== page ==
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Obstetrics and gynaecology (also spelled as obstetrics and gynecology; abbreviated as Obs and Gynae, O&G, OB-GYN and OB/GYN[a]) is the medical specialty that encompasses the two subspecialties of obstetrics (covering pregnancy, childbirth, and the postpartum period) and gynaecology (covering the health of the female reproductive systemvagina, uterus, ovaries, and breasts). The specialization is an important part of care for women's health.

Postgraduate training programs for both fields are usually combined, preparing the practising obstetrician-gynecologist to be adept both at the care of female reproductive organs' health and at the management of pregnancy, although many doctors go on to develop subspecialty interests in one field or the other.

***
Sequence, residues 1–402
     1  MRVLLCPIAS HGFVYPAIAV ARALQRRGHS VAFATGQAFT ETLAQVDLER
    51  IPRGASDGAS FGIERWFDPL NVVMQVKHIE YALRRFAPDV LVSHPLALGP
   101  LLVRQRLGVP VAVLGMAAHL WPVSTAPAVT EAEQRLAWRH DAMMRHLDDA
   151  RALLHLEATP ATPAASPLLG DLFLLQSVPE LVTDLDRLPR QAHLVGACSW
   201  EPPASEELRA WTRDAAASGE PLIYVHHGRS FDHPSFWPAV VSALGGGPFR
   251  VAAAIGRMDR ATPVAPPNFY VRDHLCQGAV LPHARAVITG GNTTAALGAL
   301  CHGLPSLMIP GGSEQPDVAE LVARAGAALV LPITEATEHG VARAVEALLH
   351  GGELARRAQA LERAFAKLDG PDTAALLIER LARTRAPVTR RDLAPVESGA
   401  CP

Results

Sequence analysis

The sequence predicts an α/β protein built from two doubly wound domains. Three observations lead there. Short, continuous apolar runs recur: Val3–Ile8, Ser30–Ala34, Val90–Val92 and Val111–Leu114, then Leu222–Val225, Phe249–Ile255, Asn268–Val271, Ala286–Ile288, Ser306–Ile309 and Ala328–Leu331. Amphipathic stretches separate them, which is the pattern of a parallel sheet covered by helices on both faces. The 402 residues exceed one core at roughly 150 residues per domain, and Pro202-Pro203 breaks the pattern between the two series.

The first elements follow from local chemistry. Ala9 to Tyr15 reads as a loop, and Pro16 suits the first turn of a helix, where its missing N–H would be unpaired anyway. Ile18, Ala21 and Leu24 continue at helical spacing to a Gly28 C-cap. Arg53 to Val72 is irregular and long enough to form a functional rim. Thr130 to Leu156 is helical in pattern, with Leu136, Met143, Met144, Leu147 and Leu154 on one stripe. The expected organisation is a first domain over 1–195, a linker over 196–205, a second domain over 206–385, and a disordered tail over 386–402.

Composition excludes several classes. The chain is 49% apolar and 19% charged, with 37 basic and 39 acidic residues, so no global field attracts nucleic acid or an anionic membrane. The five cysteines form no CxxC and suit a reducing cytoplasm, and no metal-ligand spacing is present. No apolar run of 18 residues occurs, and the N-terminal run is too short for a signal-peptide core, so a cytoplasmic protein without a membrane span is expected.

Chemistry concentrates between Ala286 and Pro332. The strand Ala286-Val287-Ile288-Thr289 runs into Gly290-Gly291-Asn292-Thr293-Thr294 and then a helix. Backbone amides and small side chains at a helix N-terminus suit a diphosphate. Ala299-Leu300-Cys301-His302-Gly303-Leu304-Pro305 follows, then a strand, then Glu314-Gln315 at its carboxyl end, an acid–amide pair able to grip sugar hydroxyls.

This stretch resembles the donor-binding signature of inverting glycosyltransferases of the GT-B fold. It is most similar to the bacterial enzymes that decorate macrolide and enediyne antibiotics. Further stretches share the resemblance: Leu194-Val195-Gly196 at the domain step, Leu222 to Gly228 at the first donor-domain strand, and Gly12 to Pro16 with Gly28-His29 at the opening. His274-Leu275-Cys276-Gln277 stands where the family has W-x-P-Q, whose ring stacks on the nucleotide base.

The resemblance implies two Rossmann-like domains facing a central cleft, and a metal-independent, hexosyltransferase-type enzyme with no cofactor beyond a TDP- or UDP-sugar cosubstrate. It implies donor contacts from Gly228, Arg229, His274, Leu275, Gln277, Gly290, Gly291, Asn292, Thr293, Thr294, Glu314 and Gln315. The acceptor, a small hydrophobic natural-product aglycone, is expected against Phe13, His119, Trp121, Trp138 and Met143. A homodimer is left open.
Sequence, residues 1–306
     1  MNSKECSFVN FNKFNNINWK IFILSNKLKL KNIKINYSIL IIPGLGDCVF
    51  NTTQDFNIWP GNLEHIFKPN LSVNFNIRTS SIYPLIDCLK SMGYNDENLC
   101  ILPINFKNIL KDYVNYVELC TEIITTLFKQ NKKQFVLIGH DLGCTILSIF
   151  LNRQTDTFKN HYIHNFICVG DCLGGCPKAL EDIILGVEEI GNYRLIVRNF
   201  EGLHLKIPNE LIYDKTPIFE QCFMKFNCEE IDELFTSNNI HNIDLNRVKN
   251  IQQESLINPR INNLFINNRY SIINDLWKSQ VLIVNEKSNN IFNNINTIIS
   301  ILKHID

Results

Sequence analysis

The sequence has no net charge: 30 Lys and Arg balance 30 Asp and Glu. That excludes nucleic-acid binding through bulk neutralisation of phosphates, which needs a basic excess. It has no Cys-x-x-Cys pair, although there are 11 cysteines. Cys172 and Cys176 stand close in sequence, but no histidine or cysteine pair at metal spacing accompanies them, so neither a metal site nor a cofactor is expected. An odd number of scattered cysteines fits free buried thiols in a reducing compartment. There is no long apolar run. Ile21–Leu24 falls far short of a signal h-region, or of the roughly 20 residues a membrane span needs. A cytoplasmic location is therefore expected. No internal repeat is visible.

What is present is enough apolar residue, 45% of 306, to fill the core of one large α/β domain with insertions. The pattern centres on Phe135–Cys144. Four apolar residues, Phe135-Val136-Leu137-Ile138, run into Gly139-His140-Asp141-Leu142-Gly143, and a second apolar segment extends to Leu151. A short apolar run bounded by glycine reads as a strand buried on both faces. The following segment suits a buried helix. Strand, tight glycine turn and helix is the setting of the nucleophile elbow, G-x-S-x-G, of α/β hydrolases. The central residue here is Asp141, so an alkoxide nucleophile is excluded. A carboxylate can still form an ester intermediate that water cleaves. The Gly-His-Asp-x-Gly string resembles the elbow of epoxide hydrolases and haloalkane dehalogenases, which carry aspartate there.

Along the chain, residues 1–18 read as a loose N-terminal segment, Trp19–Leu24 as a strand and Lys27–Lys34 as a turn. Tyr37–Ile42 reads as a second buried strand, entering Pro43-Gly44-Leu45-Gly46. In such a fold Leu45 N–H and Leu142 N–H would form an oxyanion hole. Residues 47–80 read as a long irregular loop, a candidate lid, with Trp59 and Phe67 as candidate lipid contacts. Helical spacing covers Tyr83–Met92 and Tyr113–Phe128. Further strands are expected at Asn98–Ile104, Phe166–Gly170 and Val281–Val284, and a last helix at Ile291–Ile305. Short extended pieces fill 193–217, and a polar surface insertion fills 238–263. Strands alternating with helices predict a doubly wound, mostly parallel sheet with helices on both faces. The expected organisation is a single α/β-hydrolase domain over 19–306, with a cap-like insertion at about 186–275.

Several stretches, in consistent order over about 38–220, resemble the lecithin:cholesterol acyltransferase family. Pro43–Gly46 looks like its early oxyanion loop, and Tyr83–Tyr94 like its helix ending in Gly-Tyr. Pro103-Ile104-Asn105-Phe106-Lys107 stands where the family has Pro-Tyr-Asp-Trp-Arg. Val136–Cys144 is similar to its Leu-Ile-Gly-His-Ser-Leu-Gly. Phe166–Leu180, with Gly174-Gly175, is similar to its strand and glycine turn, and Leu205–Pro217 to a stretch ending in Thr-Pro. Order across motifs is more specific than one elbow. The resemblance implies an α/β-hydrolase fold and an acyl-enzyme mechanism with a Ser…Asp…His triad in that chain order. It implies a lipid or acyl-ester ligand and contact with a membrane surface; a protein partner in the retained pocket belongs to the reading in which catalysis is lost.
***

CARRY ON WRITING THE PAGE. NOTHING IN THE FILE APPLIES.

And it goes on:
United States

Leopold's maneuvers

According to the American Board of Obstetrics and Gynecology (ABOG), which is responsible for issuing OB-GYN certifications in the United States, the first step to OB-GYN certification is completing medical school to receive an MD or DO degree.[2] From there doctors must complete a four-year OB-GYN residency program approved by the Accreditation Council for Graduate Medical Education (ACGME).[2][3] For the 2021 Electronic Residency Application Service (ERAS) match, there were 277 OB-GYN residency programs accepting applicants.[4]